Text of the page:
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The coming emerging-market crisis

By Dylan Barry

In developing countries, a potentially massive debt crisis is brewing. This threatens also to expose fractures in the international order and the poor state of global collaboration

On November 13th the Republic of Zambia opted to renege on a $42.5 million debt repayment owed to the country’s foreign creditors. With that, the third largest economy in Southern Africa officially entered default. A fortnight later, Suriname followed suit by seeking new terms with its creditors after missing an interest payment. Lebanon, Ecuador, Argentina and Venezuela have also made debt defaults or restructurings this year. Next year will likely bring many more. While rich countries will likely face no difficulties in financing their high levels of public debt, the same will not be true of many poorer nations.

According to the International Monetary Fund (IMF) about half of low-income countries and several emerging-market economies were already at a high risk of debt crisis going into the pandemic. Next year, Goldman Sachs reckons the odds of default in Iraq, Sri Lanka, Angola and Gabon are high, with Mozambique, Mongolia, Pakistan, Belarus and El Salvador not far behind.

The seeds of this new crisis were planted in the wake of the 2008 global financial crisis, when interest rates nosedived and have remained historically low ever since. So investors went hunting for risk and thus higher yields, which many found in emerging market and other developing economy debt

This was amplified by the emergence of China as the world’s biggest creditor. Writing in the Harvard Business Review in February Carmen Reinhart (now chief economist at the World Bank), Sebastian Horn and Christian Trebesch  estimated that the Chinese state and its subsidiaries have now made $1.5 trillion in direct loans and trade credits to more than 150 countries around the globe. Much of this went through its massive “Belt and Road” infrastructure initiative. Outstanding claims held by China are now equal to more than 6% of global GDP; as a lender China now surpasses all OECD governments combined, and far exceeds the World Bank and IMF.

With all this cash on offer, developing economies have been eager to borrow.  Zambia was a case in point. The country is the continent’s second largest producer of copper and––as commodity prices soared between 2001 and 2011––its economy expanded rapidly. But in late 2011, commodity prices began what would be a five-year collapse, and, by 2016, the price of copper had more than halved. To finance a growing budget deficit, Zambia began borrowing heavily: the country issued $3 billion in dollar-denominated eurobonds to private investors. That figure was then matched by $3 billion in loans from China and Chinese entities.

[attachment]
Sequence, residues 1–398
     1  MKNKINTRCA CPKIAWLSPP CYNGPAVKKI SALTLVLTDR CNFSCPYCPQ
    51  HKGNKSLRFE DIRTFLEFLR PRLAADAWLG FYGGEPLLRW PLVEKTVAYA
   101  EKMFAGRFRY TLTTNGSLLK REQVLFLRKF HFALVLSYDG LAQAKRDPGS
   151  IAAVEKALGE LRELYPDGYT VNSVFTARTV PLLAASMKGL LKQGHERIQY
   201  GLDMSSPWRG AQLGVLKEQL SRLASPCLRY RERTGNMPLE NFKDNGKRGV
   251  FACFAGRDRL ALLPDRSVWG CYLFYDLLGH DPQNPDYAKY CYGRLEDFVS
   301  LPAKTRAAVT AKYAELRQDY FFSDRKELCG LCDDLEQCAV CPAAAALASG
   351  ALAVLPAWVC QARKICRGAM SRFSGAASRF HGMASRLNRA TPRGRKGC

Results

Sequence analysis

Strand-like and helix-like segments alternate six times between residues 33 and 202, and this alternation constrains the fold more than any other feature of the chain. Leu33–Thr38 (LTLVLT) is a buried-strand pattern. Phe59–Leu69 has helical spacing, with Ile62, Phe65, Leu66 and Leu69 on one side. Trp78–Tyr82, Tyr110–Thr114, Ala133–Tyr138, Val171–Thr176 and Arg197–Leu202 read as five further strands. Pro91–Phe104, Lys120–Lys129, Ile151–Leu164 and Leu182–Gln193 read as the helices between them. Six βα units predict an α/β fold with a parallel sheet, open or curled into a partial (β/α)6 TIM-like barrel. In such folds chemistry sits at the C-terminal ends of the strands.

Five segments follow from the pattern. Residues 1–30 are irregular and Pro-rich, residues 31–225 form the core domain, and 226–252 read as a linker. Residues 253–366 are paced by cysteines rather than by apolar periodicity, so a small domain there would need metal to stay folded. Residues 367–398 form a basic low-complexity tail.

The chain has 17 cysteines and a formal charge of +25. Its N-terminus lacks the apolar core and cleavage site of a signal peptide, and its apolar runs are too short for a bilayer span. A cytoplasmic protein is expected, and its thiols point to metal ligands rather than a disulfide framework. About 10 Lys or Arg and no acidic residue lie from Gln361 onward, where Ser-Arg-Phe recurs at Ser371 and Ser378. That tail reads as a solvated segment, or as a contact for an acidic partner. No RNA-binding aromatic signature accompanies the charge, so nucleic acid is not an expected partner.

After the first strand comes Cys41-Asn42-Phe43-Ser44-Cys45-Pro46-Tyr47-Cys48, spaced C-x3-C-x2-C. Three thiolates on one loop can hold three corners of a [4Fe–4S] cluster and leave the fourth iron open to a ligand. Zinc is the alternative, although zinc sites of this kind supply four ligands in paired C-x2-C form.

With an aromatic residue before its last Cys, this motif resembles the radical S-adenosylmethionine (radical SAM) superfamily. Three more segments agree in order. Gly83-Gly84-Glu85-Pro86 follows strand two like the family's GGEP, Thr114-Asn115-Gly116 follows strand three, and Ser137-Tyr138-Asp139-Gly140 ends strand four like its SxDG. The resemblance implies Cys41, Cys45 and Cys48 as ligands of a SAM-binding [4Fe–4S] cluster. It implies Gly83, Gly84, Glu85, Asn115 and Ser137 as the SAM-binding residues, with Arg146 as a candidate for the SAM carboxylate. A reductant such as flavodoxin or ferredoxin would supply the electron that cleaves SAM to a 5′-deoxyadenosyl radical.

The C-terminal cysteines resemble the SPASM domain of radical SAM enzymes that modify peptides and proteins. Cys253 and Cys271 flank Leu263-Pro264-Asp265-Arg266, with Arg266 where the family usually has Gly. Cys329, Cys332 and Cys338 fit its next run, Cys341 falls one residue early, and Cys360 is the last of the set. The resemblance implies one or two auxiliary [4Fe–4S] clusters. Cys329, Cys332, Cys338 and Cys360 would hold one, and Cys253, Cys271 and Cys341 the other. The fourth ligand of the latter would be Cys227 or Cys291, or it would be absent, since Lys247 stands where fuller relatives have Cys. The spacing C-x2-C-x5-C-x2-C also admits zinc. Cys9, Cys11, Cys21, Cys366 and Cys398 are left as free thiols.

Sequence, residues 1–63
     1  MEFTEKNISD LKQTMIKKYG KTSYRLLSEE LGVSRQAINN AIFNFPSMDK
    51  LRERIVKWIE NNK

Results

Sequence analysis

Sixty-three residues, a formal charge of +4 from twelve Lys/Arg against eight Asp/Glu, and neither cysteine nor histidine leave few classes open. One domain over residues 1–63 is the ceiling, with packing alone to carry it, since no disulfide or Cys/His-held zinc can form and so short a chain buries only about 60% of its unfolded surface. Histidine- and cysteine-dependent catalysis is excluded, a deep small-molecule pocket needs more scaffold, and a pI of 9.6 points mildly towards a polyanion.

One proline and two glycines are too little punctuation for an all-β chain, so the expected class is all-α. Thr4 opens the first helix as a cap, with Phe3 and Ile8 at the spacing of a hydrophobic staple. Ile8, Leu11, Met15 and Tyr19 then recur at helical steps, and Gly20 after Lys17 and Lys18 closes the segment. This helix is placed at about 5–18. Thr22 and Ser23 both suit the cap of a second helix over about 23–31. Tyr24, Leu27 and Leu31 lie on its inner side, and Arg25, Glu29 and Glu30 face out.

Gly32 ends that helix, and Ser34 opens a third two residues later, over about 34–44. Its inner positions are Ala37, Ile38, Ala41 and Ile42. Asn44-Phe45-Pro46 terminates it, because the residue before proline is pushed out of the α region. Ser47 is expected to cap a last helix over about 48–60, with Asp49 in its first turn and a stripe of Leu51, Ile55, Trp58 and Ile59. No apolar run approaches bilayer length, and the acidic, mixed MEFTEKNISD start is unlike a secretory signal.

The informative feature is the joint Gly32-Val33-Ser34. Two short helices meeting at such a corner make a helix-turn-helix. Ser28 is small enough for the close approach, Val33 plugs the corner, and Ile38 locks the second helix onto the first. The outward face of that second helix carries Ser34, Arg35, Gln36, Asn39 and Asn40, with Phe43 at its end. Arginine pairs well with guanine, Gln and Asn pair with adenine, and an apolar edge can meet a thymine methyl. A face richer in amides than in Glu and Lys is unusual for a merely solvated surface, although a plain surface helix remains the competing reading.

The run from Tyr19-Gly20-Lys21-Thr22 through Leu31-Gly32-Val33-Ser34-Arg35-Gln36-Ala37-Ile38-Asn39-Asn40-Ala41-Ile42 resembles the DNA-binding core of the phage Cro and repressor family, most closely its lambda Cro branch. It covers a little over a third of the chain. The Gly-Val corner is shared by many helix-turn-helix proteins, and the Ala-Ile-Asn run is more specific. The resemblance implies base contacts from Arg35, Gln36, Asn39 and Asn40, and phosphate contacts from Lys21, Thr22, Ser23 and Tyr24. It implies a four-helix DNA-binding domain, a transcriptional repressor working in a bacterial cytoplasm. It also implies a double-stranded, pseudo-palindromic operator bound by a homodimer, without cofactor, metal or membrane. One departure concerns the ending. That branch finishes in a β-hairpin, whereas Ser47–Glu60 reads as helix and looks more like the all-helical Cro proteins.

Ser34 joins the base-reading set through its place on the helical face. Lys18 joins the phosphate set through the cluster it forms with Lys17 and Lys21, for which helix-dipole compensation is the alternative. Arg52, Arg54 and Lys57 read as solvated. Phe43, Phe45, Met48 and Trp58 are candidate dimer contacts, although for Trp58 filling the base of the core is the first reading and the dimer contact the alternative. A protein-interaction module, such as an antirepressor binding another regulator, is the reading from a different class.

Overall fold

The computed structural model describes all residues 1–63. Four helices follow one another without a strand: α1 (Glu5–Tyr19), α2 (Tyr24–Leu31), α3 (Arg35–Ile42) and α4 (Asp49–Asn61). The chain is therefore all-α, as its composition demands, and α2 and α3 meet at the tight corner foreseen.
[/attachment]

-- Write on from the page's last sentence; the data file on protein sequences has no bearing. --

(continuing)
By January 2020, Zambia’s sovereign debt had reached $11.2 billion, more than doubling inside five years. Since 2015, the Zambian currency’s exchange rate against the dollar has halved, doubling the real value of the country’s dollar-denominated debt. In 2019, Zambia’s economy grew by only 1.7%––a twenty-year low. Then came the pandemic.

In the last decade, the IMF estimates that in emerging market economies total debt––the sum of public and private debt––increased by the equivalent of 60% of GDP. On the eve of the pandemic, it had reached an all-time high of 170% of GDP.

The health consequences of COVID-19 have hit only a portion of developing countries particularly hard (chiefly in Latin America) but the pandemic’s economic consequences have done more widespread damage. This is especially so for developing economies dependent on global trade or tourism. In Sub-Saharan Africa, the IMF forecasts a 3% contraction in economic activity this year––the worst outcome on record. In Latin America and the Caribbean, the IMF estimates an 8.1% contraction. The recent rebound in commodity prices is too little and too late to undo previous damage and to avert a debt crisis that could cascade around the emerging markets.

What is to be done?

The clearest precedent for what is happening is the 1982 Latin American debt crisis. Two oil price shocks in 1973 and 1979 and low real interest rates precipitated a decade-long wave of borrowing in much of Latin America, notably by Argentina, Brazil and Mexico, from that era’s big creditors, the OPEC oil exporting countries, via international banks. The tightening of monetary policy by the United States Federal Reserve in 1981 brought this to an abrupt halt, pitching the global economy into a two-year recession, raising interest rates and hiking the dollar’s value.